Vienna’s vegetarian and vegan cuisine is led by standard bearer TIAN. The holder of a coveted Guide Michelin star and four Gault Millau toques, it is one of the best vegetarian restaurants in the world. Chef de cuisine Paul Ivić is constantly setting new standards: featuring rare, and sometimes almost forgotten varieties, the menu at TIAN reads like a walk through a vegetable garden, with locally sourced vegetables, fruits and grains all featuring. All produced to fair-trade standards and organic. And Ivić skillfully uses them to conjure up refined taste experiences and authentic textures. "It's important to me that I don't mimic the taste of meat with my cooking, but bring out the flavor of nature instead," the celebrity chef says. Ivić is also intensely passionate about sustainability. He aims to throw away as little as possible and makes as much use as possible of roots, leaves and peel. At TIAN, “From Root to Leaf” is an everyday reality rather than just a cynical advertising ploy.
Meat-Free Fine Dining
Vienna recently welcomed its first vegan-only fine dining restaurant, Jola, which is all about seasonal and regional products. Jola is a portmanteau derived from the first names of owners Jonathan Wittenbrink and his partner Larissa Andres. Wittenbrink previously worked under Paul Ivić at TIAN and was head chef at TIAN Bistro. And now he is showing what he can do at his own restaurant. At Jola, too, the chefs know how to transform ingredients into taste sensations. Anyone looking to try out something new can sample their way through a curated selection of non-alcoholic beverages including homemade kombucha and kvass made from pretzel sticks.
It only took a remarkably short time for &flora at Hotel Gilbert to establish itself as one of the go-to addresses for vegetarian cuisine in the city. After all, a green hotel calls for green cuisine, and this is where Parvin Razavi steps in. A chef with Persian roots, she focuses on sustainable and modern cuisine where vegetables take center stage. The focus at &flora is on vegetarian and vegan dishes and products, with meat playing only the most peripheral of roles. Prepared with characteristic refinement, the dishes reveal the chef's love for oriental spices. Razavi, who infuses the dishes with her personal signature, has a predominantly female kitchen team around her, which is another rarity.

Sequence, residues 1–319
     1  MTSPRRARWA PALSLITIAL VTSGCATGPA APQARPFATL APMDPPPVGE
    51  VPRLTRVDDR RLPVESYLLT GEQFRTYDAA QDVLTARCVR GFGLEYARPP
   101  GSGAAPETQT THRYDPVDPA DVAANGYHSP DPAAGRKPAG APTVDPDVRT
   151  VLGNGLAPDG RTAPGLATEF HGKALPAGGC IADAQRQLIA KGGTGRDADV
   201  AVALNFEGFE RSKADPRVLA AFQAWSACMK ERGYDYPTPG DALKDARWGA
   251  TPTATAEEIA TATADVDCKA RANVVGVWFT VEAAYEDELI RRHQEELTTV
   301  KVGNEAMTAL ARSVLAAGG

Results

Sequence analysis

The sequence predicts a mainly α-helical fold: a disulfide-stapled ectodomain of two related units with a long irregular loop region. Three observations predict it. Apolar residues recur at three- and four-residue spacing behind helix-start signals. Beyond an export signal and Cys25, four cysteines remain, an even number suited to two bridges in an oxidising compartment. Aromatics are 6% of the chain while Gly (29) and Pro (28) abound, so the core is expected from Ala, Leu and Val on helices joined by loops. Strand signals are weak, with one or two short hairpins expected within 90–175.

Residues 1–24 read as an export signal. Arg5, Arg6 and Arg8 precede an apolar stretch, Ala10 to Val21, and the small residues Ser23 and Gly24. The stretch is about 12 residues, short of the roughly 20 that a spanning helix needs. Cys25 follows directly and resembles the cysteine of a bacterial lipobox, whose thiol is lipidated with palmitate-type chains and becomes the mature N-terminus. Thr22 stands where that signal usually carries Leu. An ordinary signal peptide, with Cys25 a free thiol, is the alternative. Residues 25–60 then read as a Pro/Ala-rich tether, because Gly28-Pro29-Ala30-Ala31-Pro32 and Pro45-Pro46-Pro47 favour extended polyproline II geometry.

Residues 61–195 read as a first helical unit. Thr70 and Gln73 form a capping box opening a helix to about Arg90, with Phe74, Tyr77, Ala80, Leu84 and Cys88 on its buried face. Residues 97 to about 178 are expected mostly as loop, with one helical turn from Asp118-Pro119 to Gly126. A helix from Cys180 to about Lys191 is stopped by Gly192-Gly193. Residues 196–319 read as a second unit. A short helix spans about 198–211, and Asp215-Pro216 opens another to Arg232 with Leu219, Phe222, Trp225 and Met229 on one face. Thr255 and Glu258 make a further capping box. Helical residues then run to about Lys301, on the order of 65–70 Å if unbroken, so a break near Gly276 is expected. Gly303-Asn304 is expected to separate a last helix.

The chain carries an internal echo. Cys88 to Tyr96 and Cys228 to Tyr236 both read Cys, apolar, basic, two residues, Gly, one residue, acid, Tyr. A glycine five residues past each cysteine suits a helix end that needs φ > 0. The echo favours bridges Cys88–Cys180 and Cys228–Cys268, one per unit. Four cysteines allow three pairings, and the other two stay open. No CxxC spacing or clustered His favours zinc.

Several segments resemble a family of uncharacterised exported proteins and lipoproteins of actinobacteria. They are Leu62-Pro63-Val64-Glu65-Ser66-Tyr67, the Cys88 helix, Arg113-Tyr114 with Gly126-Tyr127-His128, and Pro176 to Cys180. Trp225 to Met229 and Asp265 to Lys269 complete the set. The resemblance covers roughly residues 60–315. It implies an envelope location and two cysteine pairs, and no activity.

The idea that vegetarian cuisine goes hand in hand with regional and seasonal produce is also demonstrated to impressive effect by Oliver Mohl at Hausbar in the Künstlerhaus, where great vegetarian and vegan cuisine occupy pride of place on the menu. While most vegetarian establishments tend to focus on natural wines, Hausbar serves cocktails with meals – and what cocktails they are, too!
Anyone who is looking for a vegan experience that goes beyond fine dining should check out The Lala. Building on the runaway success of their vegan ice-cream parlors, two sisters have now broken through into the restaurant business. Californian superfood cuisine provides the blueprint for The Lala. Creative bowls, salads and snacks made exclusively with vegan ingredients – as well as the restaurant's popping color scheme – serve up a great vibe.
Text: Susanne Kapeller
TIAN Restaurant ViennaHimmelpfortgasse 23
- We - Sa, 18:00 - 23:00
&flora Restaurant & BarBreite Gasse 9
- We - Sa, 07:00 - 00:00
- Su, 07:00 - 17:00
Hausbar at the KunstlerhausKarlsplatz 5
- Th - Sa, 19:00 - 00:00